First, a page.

X Marks the Spot

I let a week slide by without anything for the blog.  The blog is always hungry.  The blog always wants to be fed.  The blog will have to go on a diet next week.  I’ll be at Camp Idlewild.  If you’re looking for something to read, stop by the camp blog for pics and updates.  Our awesome webmaster has trained my phone to send updates to it, so I’m going to be making mini entries throughout the week. For now I have a huge challenge for you.  Read and dwell on this quote from Barbara Brown Taylor.  I started her book Leaving Church: A Memoir of Faith last year at camp.  This year I’ll be reading her new one: An Altar in the World.  She was just recently a speaker at my Alma Mater’s Christian Scholars’ Conference. She’s talking about the treasure of meaning and significance in life.  And how we’re always looking for some big spiritual “A-ha” or awakening.  And how we’re always looking somewhere else for an encounter with God:
People seem to look all over the place for this treasure.  The last place most people look is right under their feet, in the everyday activities, accidents, and encounters of their lives.  What possible spiritual significance could a trip to the grocery store have?  How could something as common as a toothache be a door to greater life?...No one longs for what he or she already has, and yet the accumulated insight of those wise about the spiritual life suggests that the reason so many of us cannot see the red X that marks the spot is because we are standing on it.
Ohhh.  I want to write something like that.  Not that there aren’t mountain top experiences to be had.  I just hope we’re not looking to them to give our lives meaning.  Most importantly, I hope we’re not so obsessed with the future that we miss God’s presence in the…um, presence. How often do you think to yourself: I’ll be happy when ______.  Or I’ll be content when ______.  Or Life will be good when ______.  I seemed to recall Jesus saying that the Kingdom is here now. I hope instead of staring at the map and looking over the horizon, you’ll start digging right now.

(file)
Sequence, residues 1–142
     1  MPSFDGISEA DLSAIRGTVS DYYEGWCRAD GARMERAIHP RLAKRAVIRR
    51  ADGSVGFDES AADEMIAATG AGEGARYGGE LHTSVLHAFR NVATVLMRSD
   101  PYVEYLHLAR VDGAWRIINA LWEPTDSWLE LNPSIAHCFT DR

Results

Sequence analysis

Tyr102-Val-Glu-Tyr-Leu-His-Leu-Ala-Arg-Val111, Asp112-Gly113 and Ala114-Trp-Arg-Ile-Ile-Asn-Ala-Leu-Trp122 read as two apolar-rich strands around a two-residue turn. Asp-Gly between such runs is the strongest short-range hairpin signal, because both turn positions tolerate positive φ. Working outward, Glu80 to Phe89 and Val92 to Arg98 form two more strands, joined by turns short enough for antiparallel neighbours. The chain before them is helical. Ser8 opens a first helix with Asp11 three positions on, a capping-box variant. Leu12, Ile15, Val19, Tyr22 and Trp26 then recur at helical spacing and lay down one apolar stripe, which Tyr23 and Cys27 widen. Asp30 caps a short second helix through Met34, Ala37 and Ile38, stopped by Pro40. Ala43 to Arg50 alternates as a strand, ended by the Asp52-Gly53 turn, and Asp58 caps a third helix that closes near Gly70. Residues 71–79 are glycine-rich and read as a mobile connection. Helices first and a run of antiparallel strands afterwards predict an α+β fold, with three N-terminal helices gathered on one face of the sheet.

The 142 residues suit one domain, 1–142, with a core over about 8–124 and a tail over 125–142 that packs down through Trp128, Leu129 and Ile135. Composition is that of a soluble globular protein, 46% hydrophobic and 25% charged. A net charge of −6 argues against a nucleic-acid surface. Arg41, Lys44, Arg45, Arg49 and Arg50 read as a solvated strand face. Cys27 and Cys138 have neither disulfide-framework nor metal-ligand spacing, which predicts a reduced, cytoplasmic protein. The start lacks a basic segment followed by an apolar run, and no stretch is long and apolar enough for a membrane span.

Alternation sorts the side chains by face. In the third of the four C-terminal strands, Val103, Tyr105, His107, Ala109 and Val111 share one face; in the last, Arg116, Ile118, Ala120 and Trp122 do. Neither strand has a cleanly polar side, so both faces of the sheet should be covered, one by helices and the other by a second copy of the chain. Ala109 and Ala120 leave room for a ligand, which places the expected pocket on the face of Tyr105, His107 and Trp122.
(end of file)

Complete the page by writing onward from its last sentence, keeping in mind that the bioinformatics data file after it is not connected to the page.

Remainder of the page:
Life and Godliness

Do you think you could devote a year to living like Jesus?  I know, in theory all of us who are Christians are supposed to be living like Jesus.  But I mean radically living like Jesus-trying to live exactly as Jesus would live. That's how Ed Dobson spent 2008.  For an entire year this former megachurch pastor and founder of the religious right, who is now the vice president of spiritual formation for a Christian university in Michigan, tried his best to live like Jesus in every way. It all started when Dobson read The Year of Living Biblically, a memoir by a man who purported to have no religious faith whatsoever but just wanted to see if he could follow all of the rules set out in the Bible.  Dobson thought that if someone with no faith could do it, then a person who claims to be a follower of Christ should be able to, as well. Most media attention seems to the outward changes he made.  He stopped trimming his beard.  He ate only kosher foods.  (Dobson said that one of the things he was looking forward to the most in 2009 was ordering a chicken and cheese burrito.)  Once a strict teetotaler, he began to drink alcohol in moderation, especially if it gave him an opportunity to speak to people about Jesus.  He kept the Sabbath, only breaking it to attend his grandchildren's soccer games. But Dobson says that none of those things were the hardest.  "The hard part is trying to live up to his teachings," Dobson said. "I've realized how far I fall short."  He reread the four Gospels every week (!).  Throughout the day he prayed, "Son of David, have mercy on me, a sinner[*]."  He gave to the poor and visited those in prison.  Not because any of those things are easy, but they are things that Dobson saw Jesus do. Oh by the way, he also has ALS/Lou Gehrig's Disease.  This year of living like Jesus was one of the ways that he chose to respond to his illness.  He says that it put everything into perspective.  "I'm getting up every day not worried about what doesn't work; I'm getting up concerned about how do I live out this Jesus stuff." We stand to learn a lot from Dr. Dobson.  I think he could teach us a lot about how God's Divine Power has given us everything we need.  Maybe not everything we want, but everything we need.  I'll say more about it in my message.
[*] Charles Honey, "Could You Live Like Jesus for a Year?"

Get a Life